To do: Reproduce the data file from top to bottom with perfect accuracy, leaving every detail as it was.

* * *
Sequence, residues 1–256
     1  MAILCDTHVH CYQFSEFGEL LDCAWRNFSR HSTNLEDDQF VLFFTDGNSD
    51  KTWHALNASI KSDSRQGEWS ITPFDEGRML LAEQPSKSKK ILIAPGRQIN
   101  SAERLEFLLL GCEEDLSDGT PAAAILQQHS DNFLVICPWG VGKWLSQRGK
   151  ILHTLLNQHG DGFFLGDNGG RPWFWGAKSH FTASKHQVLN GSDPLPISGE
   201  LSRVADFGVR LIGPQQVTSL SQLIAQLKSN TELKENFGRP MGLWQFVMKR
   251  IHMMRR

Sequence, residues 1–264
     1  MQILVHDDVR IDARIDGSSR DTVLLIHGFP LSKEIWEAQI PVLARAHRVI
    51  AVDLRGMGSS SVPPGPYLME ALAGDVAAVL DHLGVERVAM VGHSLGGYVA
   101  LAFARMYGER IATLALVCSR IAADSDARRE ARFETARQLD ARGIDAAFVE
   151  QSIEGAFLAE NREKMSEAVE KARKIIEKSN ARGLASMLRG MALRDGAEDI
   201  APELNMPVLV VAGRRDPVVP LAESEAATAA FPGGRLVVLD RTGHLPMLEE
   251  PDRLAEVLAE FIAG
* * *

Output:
Sequence, residues 1–256
     1  MAILCDTHVH CYQFSEFGEL LDCAWRNFSR HSTNLEDDQF VLFFTDGNSD
    51  KTWHALNASI KSDSRQGEWS ITPFDEGRML LAEQPSKSKK ILIAPGRQIN
   101  SAERLEFLLL GCEEDLSDGT PAAAILQQHS DNFLVICPWG VGKWLSQRGK
   151  ILHTLLNQHG DGFFLGDNGG RPWFWGAKSH FTASKHQVLN GSDPLPISGE
   201  LSRVADFGVR LIGPQQVTSL SQLIAQLKSN TELKENFGRP MGLWQFVMKR
   251  IHMMRR

Sequence, residues 1–264
     1  MQILVHDDVR IDARIDGSSR DTVLLIHGFP LSKEIWEAQI PVLARAHRVI
    51  AVDLRGMGSS SVPPGPYLME ALAGDVAAVL DHLGVERVAM VGHSLGGYVA
   101  LAFARMYGER IATLALVCSR IAADSDARRE ARFETARQLD ARGIDAAFVE
   151  QSIEGAFLAE NREKMSEAVE KARKIIEKSN ARGLASMLRG MALRDGAEDI
   201  APELNMPVLV VAGRRDPVVP LAESEAATAA FPGGRLVVLD RTGHLPMLEE
   251  PDRLAEVLAE FIAG